Kellyanne Conway made up a terrorist attack, Chris Matthews didn't bat an eye


White House Counselor Kellyanne Conway is rightly being called out for telling yet another stunning lie. But just as outrageously, while Conway was inventing something called the "Bowling Green Massacre," MSNBC host Chris Matthews sat idly by.

White House Counselor Kellyanne Conway lies with such frequency that she has even coined the brand new term "alternative facts" for brazen untruths.

And now she may have outdone herself, and even her liar-in-chief boss, during an appearance on MSNBC's Hardball with Chris Matthews when she accused the media of failing to cover a terrorist attack — which does not exist:

CONWAY: These are nations, very narrowly prescribed, and also temporary.


CONWAY: I bet there was very little coverage, I bet it's brand-new information to people that President Obama had a six-month ban on the Iraqi refugee program after two Iraqis came here to this country, were radicalized, and they were the masterminds behind the Bowling Green Massacre. Most people didn't know that because it didn't get covered.

MATTHEWS: Let's talk about the major strategic goal of this administration overseas, and here as well, to eradicate radical Islamic terrorism.

There is, of course, no such thing as a "Bowling Green Massacre," and as even Fox News was able to get right, the plotters in the case Conway was apparently referencing were not even accused of planning an attack on American soil (emphasis mine):

We've been watching this on the wires over the last 20 minutes or so. We can now tell you that two Iraqis in Bowling Green, Kentucky, are now facing some serious terrorism charges. Both men allegedly provided support to al Qaeda in Iraq, and conspiring — and also accused of conspiring to transport missiles overseas. Neither is charged with plotting attacks here in the United States. If they are convicted on those charges, they will face life in prison.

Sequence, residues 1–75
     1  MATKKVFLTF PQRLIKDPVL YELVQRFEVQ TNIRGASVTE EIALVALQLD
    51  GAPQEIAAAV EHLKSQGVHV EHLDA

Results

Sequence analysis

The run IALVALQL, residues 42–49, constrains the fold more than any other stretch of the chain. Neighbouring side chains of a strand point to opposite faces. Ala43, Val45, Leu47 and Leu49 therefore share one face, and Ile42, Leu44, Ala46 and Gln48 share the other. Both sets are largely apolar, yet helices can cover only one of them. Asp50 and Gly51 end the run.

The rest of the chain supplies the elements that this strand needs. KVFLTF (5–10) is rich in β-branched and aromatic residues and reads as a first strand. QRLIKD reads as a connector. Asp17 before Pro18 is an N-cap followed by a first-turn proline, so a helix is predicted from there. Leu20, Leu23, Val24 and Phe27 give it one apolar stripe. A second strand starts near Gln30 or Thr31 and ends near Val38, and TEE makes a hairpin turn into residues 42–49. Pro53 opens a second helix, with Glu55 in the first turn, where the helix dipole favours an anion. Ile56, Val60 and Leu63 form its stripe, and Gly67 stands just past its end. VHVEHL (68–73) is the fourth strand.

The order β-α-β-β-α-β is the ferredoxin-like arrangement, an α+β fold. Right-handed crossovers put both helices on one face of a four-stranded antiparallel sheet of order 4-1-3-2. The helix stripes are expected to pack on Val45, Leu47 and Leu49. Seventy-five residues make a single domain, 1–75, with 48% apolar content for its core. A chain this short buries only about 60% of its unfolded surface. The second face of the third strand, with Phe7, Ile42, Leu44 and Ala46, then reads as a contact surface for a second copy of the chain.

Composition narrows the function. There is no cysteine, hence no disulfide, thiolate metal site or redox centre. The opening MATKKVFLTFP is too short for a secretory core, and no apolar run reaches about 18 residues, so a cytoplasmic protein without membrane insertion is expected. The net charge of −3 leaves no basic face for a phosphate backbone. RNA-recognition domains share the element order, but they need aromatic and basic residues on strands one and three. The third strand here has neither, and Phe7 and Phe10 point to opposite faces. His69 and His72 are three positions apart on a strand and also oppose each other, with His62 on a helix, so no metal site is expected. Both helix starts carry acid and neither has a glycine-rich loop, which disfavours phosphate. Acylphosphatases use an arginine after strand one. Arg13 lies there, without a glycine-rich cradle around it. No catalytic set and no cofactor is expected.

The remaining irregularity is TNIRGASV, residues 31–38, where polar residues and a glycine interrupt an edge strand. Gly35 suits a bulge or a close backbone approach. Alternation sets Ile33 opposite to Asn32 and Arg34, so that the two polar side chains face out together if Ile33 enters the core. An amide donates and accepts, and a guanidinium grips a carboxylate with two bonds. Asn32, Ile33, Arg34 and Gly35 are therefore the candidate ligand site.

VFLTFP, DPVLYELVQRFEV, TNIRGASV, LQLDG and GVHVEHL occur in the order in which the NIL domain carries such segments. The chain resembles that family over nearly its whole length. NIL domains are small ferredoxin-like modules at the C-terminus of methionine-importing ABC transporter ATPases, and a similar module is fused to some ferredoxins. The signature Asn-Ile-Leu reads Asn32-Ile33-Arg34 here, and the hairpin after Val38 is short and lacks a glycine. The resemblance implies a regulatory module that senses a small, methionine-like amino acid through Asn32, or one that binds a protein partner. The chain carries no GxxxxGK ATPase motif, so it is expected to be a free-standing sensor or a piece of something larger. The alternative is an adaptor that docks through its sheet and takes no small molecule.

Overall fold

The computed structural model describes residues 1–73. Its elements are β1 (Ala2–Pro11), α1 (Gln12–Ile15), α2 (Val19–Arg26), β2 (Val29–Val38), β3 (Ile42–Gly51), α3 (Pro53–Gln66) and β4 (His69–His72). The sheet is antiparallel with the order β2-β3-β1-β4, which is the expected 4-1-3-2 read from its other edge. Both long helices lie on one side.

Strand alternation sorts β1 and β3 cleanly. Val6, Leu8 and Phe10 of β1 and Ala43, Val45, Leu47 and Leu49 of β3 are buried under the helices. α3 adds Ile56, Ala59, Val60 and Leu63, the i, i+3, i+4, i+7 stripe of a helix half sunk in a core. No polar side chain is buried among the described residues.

The fact is, there was no "ban" on refugees, but there was a six-month slowdown on processing refugee admissions, one which, if anything, argues against a wider and more indiscriminate use of the process. Although necessary to correct a weakness in the screening process, the delays had tragic consequences:

As a result of the Kentucky case, the State Department stopped processing Iraq refugees for six months in 2011, federal officials told ABC News – even for many who had heroically helped U.S. forces as interpreters and intelligence assets. One Iraqi who had aided American troops was assassinated before his refugee application could be processed, because of the immigration delays, two U.S. officials said. In 2011, fewer than 10,000 Iraqis were resettled as refugees in the U.S., half the number from the year before, State Department statistics show.

During the remainder of their nearly twenty-minute interview, Matthews never returns to the subject to correct Conway — a failure made even more incredible by the fact that this was a taped interview — and neither did anyone else in the three-and-a-half hours of MSNBC news programming that night. In fact, Conway nearly beat MSNBC to the punch in attempting to clean up her lie, incredibly citing an example of the reporting she said did not exist:

In an era in which the entire White House is shot through with unmitigated liars, our free press must give them no quarter, and we should give no quarter to journalists who fail in such monumental fashion. Trump's team will probably never cease this kind of blatant lying, but we can, and must, become experts at holding them accountable.